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Subject to parliamentary approval, the order would give effect to the Government's proposal to increase the maximum limits of candidates' election expenses for the City of London ward elections and elections by liverymen in common hall in line with changes in the value of money since the limits were last set in March 1997.
We have also placed in the House Library a summary of the responses, including those from the Electoral Commission and other key stakeholders, we received from a consultation on the draft instrument.
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The Minister for Local and Regional Government (Mr. Nick Raynsford): My right hon. Friends the Deputy Prime Minister and the Secretary of State for Constitutional Affairs are jointly publishing today the Government response to the Electoral Commission's report "Delivering Democracy?"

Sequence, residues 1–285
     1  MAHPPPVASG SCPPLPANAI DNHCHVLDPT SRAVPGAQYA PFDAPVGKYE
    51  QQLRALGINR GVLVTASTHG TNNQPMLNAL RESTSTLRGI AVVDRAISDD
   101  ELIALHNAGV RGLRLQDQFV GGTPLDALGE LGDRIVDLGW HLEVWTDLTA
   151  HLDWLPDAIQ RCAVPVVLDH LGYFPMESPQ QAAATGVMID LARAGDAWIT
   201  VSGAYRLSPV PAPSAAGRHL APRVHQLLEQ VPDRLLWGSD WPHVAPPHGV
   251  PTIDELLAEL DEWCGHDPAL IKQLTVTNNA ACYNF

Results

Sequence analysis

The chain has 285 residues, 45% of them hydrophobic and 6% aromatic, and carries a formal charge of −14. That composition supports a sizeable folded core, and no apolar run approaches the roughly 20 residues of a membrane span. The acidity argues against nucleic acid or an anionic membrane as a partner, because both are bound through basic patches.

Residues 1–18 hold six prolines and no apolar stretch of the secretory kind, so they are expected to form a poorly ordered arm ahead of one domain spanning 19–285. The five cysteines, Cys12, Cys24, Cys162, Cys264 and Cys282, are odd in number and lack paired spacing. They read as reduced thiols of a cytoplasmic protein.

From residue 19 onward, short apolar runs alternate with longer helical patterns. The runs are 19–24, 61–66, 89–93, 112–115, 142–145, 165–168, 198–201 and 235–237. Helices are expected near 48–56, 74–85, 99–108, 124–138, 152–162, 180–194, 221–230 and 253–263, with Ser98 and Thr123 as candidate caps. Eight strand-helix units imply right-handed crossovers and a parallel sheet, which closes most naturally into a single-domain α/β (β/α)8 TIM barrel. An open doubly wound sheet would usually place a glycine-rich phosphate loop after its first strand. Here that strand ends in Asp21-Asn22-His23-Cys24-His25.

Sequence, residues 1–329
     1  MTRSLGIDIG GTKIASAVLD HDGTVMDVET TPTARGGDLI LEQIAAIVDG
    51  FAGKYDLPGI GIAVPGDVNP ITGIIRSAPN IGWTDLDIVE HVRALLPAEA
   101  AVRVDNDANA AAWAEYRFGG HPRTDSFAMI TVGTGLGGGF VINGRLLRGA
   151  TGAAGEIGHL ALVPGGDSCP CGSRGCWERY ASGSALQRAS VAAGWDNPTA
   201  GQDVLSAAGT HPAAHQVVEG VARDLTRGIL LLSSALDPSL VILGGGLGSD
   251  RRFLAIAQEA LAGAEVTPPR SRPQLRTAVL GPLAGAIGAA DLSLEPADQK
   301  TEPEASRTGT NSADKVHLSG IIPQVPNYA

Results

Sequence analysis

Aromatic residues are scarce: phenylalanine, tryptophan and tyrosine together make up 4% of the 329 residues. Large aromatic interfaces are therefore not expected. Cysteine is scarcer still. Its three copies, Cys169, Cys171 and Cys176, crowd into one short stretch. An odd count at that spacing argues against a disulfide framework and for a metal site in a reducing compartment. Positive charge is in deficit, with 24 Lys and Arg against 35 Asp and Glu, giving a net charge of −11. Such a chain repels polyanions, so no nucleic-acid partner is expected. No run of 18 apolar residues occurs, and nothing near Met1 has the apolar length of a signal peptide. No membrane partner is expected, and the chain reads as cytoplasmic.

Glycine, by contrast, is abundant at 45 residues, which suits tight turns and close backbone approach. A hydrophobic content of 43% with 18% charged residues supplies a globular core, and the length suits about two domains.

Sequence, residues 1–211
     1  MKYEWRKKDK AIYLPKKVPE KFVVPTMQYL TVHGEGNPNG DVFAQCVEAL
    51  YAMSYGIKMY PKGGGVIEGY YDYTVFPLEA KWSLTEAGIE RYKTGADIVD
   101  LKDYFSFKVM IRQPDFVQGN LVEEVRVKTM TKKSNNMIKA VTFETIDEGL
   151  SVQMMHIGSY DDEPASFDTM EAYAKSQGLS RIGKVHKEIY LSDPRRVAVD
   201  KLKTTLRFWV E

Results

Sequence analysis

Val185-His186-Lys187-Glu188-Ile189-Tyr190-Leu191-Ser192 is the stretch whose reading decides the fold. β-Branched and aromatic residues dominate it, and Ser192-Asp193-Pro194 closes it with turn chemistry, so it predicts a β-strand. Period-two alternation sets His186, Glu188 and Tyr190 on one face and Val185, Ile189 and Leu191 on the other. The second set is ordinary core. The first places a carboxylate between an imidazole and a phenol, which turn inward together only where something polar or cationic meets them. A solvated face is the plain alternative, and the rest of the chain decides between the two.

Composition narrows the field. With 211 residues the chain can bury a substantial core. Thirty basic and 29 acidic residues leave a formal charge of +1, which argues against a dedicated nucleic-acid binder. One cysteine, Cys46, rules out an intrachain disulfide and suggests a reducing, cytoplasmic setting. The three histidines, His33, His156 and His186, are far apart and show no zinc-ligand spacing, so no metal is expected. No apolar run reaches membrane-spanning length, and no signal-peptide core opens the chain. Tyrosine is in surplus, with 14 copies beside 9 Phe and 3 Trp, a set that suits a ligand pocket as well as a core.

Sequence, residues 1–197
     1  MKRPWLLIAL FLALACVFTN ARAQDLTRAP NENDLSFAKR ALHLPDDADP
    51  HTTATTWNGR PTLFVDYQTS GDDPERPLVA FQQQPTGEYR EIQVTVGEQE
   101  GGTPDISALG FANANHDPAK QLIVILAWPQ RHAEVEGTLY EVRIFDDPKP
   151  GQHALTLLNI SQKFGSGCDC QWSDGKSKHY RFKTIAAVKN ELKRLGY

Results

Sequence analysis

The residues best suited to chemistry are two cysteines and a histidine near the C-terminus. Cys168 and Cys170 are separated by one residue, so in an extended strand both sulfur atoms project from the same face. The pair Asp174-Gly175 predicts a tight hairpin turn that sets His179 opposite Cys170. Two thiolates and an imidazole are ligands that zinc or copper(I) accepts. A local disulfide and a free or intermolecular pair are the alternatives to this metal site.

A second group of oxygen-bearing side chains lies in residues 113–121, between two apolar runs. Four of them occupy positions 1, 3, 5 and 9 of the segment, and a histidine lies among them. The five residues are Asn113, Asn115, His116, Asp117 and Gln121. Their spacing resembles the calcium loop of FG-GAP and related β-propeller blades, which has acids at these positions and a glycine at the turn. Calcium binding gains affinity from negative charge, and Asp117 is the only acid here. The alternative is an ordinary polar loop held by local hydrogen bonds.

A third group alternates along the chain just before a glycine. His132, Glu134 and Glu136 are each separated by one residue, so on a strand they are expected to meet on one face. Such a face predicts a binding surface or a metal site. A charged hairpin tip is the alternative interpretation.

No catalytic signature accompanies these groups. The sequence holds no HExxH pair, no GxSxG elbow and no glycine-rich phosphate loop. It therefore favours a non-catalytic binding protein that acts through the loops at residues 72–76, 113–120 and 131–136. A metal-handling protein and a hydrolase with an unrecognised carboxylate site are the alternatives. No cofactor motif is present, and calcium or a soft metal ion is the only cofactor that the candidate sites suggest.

The commission also found that voters wanted have choice about the way they vote. This is consistent with the Government's long term goal of multi-channel elections, including voters having the options of electronic, postal voting and voting in person.
We are not, however, persuaded by the commission's arguments that all-postal voting should not be pursued at UK elections. These are not supported by the outcome of the June elections, where turnout was substantially higher in the pilot regions and a large majority found the all-postal method acceptable. Furthermore, the turnout achieved in the north-east regional referendum underlined the value of all-postal voting in increasing participation.
In its report, the commission proposes the development of a new model of voting. We welcome the opportunity to contribute to this work and will have regard to the progress of this work when assessing any new proposals for all-postal voting.